I am thinking about what it would be like
To jump barefoot
Into an open box
Of jelly doughnuts?

--James Stevenson

Wednesday, April 8, 2009


My yard is at its most beautiful right now. With all the rain and the warm days (not counting today when it's in the 30s again!) everything is blooming happily. Buckeyes don't usually grow this far south, but I have two on the bank on the creek bursting with red blooms.

The azaleas vary from the orange red Christmas Cheer to the almost purple Pride of Mobile. They are beautiful. Today's poem is a celebration of garden color. I couldn't agree more.

The Garden Changes

When I was young, I grew
dull plants returning food
for work. But I, now older,
repent my practicality.
I’ve renounced beans, and turned
to crocus, gladiola,
and coreopsis. I’ve moved
past zinnia, marigold,
to bougainvillea.
I’ve even learned to love
poor salvia, which blooms
on August days, when few flowers
will venture anything
but green. The summer’s short
and ornament is what
I want—all vividness.
Not pasty cauliflower
and not potatoes, whose
gnarled flesh is more and more
like mine. Give me bright blossoms
against the teeming green.
Give me orange flags, blue horns,
white faces, yellow wings.
Give me the purple throat,
breathless, of calla lilies—
and red, red, red, red, red.

--Andrew Hudgins

Monday, April 6, 2009

A Poem for Christopher Robin

I didn’t read A.A. Milne as a child. I was an adult before I discovered Pooh Corner and Milne’s lovely stories sprinkled with verse. Any writer for children who has tried to tell a story in rhyming verse knows just how difficult it can be and why editors tend to say don’t send it to them! Here is the perfect explanation.

From The House at Pooh Corner

“Don’t Bustle me,” said Eeyore, getting up slowly. “Don’t now-then me.” He took a piece of paper from behind his ear, and unfolded it. “Nobody knows anything about this,” he went on. “This is a Surprise.” He coughed in an important way, and began again: “What-nots and Etceteras, before I begin, or perhaps I should say, before I end, I have a piece of Poetry to read to you. Hitherto—hitherto—a long word meaning—well, you’ll see what it means directly—hitherto, as I was saying, all the Poetry in the forest has been written by Pooh, a Bear with a Pleasing manner but a Positively Startling Lack of Brain. The Poem which I am now about to read to you was written by Eeyore, or Myself, in a Quiet Moment. If somebody will take Roo’s bull’s-eye away from him, and wake up Owl, we shall all be able to enjoy it. I call it—POEM.”

This was it.

Christopher Robin is going.
At least I think he is.
Nobody knows.
But he is going—
I mean he goes
(To rhyme with “knows”)
Do we care?
(To rhyme with “where”)
We do
Very much.
(I haven’t got a rhyme for that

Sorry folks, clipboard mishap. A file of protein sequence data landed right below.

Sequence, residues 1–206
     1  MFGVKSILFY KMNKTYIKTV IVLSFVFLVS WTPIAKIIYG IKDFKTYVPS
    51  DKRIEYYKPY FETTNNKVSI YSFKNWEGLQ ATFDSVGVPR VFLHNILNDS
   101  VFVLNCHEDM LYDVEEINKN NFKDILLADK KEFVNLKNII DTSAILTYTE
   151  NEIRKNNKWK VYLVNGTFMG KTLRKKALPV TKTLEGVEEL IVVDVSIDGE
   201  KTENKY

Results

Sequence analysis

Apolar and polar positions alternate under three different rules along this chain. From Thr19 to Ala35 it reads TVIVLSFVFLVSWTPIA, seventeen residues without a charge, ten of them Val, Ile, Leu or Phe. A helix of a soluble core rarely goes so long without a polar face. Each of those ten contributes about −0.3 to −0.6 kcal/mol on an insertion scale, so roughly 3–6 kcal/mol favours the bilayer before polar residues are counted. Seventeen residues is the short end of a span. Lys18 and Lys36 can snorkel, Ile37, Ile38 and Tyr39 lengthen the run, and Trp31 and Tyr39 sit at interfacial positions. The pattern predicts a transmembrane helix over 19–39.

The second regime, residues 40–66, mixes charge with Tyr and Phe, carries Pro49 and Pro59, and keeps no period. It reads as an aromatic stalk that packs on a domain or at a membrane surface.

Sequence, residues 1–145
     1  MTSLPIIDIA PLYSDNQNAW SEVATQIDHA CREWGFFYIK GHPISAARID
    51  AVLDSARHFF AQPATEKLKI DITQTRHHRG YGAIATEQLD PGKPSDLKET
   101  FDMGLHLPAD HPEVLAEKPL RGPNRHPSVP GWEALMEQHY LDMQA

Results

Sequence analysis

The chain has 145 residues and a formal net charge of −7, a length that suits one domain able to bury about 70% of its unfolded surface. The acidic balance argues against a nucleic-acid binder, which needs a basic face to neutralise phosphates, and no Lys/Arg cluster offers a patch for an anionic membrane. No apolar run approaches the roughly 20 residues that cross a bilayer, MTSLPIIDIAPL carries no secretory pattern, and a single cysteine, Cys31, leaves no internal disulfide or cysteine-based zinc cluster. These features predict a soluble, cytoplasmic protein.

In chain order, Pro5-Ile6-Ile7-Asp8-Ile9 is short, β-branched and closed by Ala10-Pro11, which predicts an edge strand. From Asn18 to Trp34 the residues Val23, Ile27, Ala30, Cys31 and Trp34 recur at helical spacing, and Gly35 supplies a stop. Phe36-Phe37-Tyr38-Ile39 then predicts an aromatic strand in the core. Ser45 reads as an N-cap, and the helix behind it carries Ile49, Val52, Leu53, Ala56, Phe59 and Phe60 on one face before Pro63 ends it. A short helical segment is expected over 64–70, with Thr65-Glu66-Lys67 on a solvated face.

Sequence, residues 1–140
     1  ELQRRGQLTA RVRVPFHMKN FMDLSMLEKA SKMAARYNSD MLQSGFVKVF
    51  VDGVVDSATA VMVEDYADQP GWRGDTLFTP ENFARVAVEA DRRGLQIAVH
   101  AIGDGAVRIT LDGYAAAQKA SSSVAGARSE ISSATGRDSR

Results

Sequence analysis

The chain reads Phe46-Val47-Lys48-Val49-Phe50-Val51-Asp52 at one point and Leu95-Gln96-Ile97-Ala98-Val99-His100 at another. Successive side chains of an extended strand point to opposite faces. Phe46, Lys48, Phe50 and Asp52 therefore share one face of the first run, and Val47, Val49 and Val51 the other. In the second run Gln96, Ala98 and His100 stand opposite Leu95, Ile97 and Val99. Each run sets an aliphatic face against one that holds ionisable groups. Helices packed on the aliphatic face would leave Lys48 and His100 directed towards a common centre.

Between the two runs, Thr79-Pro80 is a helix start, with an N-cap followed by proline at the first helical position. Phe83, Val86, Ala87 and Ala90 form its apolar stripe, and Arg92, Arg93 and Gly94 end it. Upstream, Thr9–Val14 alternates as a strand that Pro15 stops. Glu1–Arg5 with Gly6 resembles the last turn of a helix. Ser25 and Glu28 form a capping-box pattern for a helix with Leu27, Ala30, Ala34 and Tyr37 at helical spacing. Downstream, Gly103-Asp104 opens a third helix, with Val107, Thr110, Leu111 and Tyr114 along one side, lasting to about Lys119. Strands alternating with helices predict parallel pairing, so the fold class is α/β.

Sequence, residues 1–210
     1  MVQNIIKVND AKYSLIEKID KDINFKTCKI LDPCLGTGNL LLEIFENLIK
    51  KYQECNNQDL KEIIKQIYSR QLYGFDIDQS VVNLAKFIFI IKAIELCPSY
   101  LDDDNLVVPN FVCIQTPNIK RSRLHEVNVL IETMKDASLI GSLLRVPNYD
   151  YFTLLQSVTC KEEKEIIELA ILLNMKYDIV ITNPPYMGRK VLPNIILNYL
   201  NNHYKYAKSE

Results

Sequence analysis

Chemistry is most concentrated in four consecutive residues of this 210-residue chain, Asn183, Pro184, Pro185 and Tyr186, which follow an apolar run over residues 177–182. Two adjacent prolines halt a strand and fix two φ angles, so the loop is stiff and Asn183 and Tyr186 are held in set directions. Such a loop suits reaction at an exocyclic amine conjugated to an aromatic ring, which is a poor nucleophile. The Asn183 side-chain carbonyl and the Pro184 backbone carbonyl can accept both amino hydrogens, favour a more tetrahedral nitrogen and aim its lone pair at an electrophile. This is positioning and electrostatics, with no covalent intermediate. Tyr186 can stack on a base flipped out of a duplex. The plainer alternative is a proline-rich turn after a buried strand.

“is” in the second line yet.
(Now I haven’t got a rhyme for
bother. Bother.)
Those two bothers will have to
rhyme with each other Buther.
The fact is this is more difficult
than I thought,
I ought—
(Very good indeed)
I ought
To begin again,
But it is easier
To stop.
Christopher Robin, good-bye,
And all your friends
I mean all your friend
(Very awkward this, it keeps
going wrong)
Well, anyhow, we send
Our love

--A.A. Milne

Saturday, April 4, 2009

National Poetry Month

April is National Poetry Month. In celebration, I'm going to try and post some favorite poems throughout the month, but before I start, I have my own poetry news to celebrate. My poem, "Allison," is included in this month's issue of the Birmingham Arts Journal. Click on "latest edition" and navigate to page 15 of the journal. I would love to hear your comments.
On Thursday, I had appointments with my Delaney sales job in some of my northern counties. So after heading north, I meandered west, over to Birmingham, for the journal's launch party. It's always fun meeting new folks who love the same things you do. The reading was held in the Maralyn Wilson Gallery, a wonderfully eclectic little art gallery. I love reading aloud, and reading poetry aloud is such fun. Watching for people's resonses, listening for the hush that accompanies understanding, the satisfaction of the final word. It was a delightful evening.
A poem for today from one of my favorite poets, Theodore Roethke:
A Light Breather

The spirit moves,
Yet stays:
Stirs as a blossom stirs,
Still wet from its bud-sheath,
Slowly unfolding
Turning in the light with its tendrils;
Plays as a minnow plays,
Tethered to a limp weed, swinging,
Tail around, nosing in and out of the current,
Its shadows loose, a watery finger;
Moves, like the snail,
Still inward,
Taking and embracing its surroundings,
Never wishing itself away,
Unafraid of what it is,
A music in a hood,
A small thing,